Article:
WORLD / ASIA-PACIFIC
Australia recommends no AZ jab on under 60s
Published: Jun 17, 2021 05:13 PM
People exercise in Melbourne, Australia on Wednesday with the coronavirus lockdown of the country's second-biggest city to be extended by another seven days, authorities announced as they attempt to stamp out a cluster of cases in the city. Photo: AFP

People exercise in Melbourne, Australia on Wednesday with the coronavirus lockdown of the country's second-biggest city to be extended by another seven days, authorities announced as they attempt to stamp out a cluster of cases in the city. Photo: AFP

Australia recommended that AstraZeneca's COVID-19 jab should not be given to people under 60 on Thursday, a fresh blow to the country's glacial vaccine rollout.

Health Minister Greg Hunt said concerns over possible links to blood clots meant Pfizer was now "the preferred vaccine" for everyone under 60 years old.

Australian authorities had already restricted the AstraZeneca shot to those over 50 in April. Thursday's further restriction came after a 52-year-old woman died of blood clotting after receiving the jab.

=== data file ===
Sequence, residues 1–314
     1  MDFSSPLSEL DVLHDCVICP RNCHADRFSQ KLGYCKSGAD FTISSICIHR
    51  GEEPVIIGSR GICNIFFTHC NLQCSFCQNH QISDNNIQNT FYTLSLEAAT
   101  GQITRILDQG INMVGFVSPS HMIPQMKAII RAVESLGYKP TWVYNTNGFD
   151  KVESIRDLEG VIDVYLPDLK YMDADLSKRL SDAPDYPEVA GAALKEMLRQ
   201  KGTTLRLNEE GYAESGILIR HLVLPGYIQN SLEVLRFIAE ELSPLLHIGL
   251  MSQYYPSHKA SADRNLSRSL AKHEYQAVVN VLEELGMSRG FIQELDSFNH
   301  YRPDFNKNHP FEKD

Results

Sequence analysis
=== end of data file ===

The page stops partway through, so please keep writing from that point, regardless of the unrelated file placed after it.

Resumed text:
Hunt admitted the move would "challenge" the country's already badly stalled vaccine rollout, which has seen just 3 percent of its population of 25 million fully inoculated so far.

Facing growing public disquiet over the slow rate of jabs, the conservative government also announced Thursday that a senior army officer, Lieutenant General John Frewen, would lead the federal vaccine rollout, now dubbed operation "Vaccine Shield." 

The move is likely to have a marginal impact, as responsibility for inoculations has largely fallen to Australian states.

Australia has invested heavily in the AstraZeneca vaccine, developing a facility to produce 50 million doses locally. 

Purchases of other shots have been more limited and have faced multiple delays, forcing the government to abandon its target of vaccinating all adults by September 2021.

Australia has only a few locally transmitted cases of COVID-19 and has closed its borders to all but a handful of foreign travelers.

AFP
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